I have a piece of granite top about 8×10” that I use and it is dead on flat…perfect for sharpening. I glued some 1/2” tall rubber bumper feet to the bottom to make it easier to pick up and keep from sliding. I went to a counter top place and they gave me it for free.

-- Each step of every Wood Art project I design and build is considered my masterpiece… because I want the finished product to reflect the quality and creativeness of my work

View BTimmons's profile


2223 posts in 1272 days

#7 posted 05-23-2012 01:46 AM

I use one, no complaints. See the most recent blog post on my profile to see it.

-- Brian Timmons -

View cabmaker's profile


1315 posts in 1596 days

#8 posted 05-23-2012 02:03 AM

12X12 floor tile here too !

View PurpLev's profile


8476 posts in 2436 days

#9 posted 05-23-2012 02:09 AM

thats what I use. works fine for me.

-- ㊍ When in doubt - There is no doubt - Go the safer route.

View Brit's profile


5397 posts in 1630 days

#10 posted 05-23-2012 06:02 AM

I use offcuts and even the granite breakfast bar for sharpening and flattening plane soles. I also have a granite cutting board from my local supermarket (£10) that I use for sanding backsaw plates when I restore them. I just hang the brass back off the edge so the plate is flat on the surface.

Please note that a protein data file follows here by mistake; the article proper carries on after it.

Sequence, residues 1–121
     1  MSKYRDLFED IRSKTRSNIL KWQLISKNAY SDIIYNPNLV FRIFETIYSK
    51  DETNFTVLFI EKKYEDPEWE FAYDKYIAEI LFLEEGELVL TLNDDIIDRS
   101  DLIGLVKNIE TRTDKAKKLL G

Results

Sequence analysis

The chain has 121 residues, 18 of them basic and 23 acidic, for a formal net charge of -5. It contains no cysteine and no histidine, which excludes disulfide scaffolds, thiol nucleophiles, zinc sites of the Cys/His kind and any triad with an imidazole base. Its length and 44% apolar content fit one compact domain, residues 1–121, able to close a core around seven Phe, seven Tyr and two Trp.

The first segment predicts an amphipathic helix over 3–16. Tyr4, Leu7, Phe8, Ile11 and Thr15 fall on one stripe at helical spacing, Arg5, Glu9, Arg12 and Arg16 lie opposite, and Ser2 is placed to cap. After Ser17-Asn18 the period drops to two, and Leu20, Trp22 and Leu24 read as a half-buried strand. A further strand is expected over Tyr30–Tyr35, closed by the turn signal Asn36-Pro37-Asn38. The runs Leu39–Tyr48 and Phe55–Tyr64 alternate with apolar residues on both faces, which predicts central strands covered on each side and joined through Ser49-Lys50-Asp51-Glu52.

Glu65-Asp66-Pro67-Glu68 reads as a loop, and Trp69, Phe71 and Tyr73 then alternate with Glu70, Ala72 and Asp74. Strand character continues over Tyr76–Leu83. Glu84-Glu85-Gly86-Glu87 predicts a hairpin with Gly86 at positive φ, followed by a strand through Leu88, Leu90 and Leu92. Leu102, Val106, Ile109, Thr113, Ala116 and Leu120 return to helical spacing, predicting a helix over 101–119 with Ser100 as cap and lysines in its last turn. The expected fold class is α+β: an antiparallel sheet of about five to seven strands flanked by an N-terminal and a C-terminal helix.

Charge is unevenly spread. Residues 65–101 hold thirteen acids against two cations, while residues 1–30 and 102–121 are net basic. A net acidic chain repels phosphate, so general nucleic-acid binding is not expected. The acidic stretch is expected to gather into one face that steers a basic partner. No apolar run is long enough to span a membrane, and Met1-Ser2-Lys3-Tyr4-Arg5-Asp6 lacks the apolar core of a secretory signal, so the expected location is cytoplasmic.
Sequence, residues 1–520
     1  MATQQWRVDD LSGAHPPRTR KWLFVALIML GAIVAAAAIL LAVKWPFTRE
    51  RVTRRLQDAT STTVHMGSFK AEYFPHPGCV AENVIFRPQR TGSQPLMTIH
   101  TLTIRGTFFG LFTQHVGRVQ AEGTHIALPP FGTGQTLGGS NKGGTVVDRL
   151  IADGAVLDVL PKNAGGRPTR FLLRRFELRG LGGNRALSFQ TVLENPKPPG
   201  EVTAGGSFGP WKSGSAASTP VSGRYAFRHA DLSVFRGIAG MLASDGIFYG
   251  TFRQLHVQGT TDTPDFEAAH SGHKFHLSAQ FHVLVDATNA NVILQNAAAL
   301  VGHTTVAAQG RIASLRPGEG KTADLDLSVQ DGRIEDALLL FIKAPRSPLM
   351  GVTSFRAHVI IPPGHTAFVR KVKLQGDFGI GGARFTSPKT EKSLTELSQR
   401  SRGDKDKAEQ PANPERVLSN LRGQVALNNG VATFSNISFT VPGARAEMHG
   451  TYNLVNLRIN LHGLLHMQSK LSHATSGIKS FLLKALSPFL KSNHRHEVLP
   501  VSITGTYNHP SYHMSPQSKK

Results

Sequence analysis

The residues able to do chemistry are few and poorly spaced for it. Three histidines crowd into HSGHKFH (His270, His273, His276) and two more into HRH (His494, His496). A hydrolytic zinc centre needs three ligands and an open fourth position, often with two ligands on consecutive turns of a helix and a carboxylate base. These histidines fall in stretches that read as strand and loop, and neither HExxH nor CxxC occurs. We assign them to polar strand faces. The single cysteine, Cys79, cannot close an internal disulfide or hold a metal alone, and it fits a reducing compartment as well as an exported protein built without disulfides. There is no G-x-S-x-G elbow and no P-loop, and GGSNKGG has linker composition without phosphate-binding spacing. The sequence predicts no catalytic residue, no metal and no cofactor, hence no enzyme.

-- Andy -- I don't mind going to work. It's the 8 hour wait to go home that I don't much care for.

View Bill White's profile

Bill White

3632 posts in 2747 days

#11 posted 05-23-2012 02:53 PM

Sink cutout here too. Price? Free….Flat? Youbetcha. Price? Free….
I really like free.


View Doss's profile


779 posts in 1052 days

#12 posted 05-23-2012 04:45 PM

Like some others have said, they might be free. If you go by a countertop shop, they’re likely to have a few pieces that are large enough to use that they’ll give away for free. You don’t need a massive piece. Just know what you plan to sharpen and determine the size you need accordingly.

-- "Well, at least we can still use it as firewood... maybe." - Doss

View Bertha's profile


12951 posts in 1480 days

#13 posted 05-23-2012 04:49 PM

Lowes marble windowsill here.

-- My dad and I built a 65 chev pick up.I killed trannys in that thing for some reason-Hog

View Tennessee's profile


1661 posts in 1302 days

#14 posted 05-23-2012 04:51 PM

I’ve used two pieces of tempered layered glass for the last 30 years. Easy to tote around, flat, no problems. I keep 180 grit taped on one for sanding down small wooden items and plastic things, and the other has 400 on it for doing edge sharpening. I would think though, that granite should be true, but there is no law I know of that describes flatness requirements for things like sink cutouts. Still, I would not turn down a piece of granite.

-- Paul, Tennessee,

View willme's profile


3 posts in 848 days

#15 posted 10-04-2012 06:43 AM

i loves granite countertop, but i never use your idea.

indian stone paving at best price

-- indian stone paving at best price